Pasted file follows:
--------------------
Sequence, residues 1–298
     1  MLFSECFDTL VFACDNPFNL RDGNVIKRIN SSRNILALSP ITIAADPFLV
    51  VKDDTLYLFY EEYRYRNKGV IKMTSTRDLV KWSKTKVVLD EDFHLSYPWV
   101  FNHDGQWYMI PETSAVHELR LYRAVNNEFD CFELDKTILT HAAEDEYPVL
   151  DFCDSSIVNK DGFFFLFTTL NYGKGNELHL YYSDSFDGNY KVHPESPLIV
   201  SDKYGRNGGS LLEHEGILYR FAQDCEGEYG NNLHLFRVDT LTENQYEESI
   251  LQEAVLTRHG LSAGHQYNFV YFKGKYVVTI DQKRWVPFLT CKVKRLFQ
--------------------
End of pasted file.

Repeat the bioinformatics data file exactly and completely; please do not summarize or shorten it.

Sequence, residues 1–298
     1  MLFSECFDTL VFACDNPFNL RDGNVIKRIN SSRNILALSP ITIAADPFLV
    51  VKDDTLYLFY EEYRYRNKGV IKMTSTRDLV KWSKTKVVLD EDFHLSYPWV
   101  FNHDGQWYMI PETSAVHELR LYRAVNNEFD CFELDKTILT HAAEDEYPVL
   151  DFCDSSIVNK DGFFFLFTTL NYGKGNELHL YYSDSFDGNY KVHPESPLIV
   201  SDKYGRNGGS LLEHEGILYR FAQDCEGEYG NNLHLFRVDT LTENQYEESI
   251  LQEAVLTRHG LSAGHQYNFV YFKGKYVVTI DQKRWVPFLT CKVKRLFQ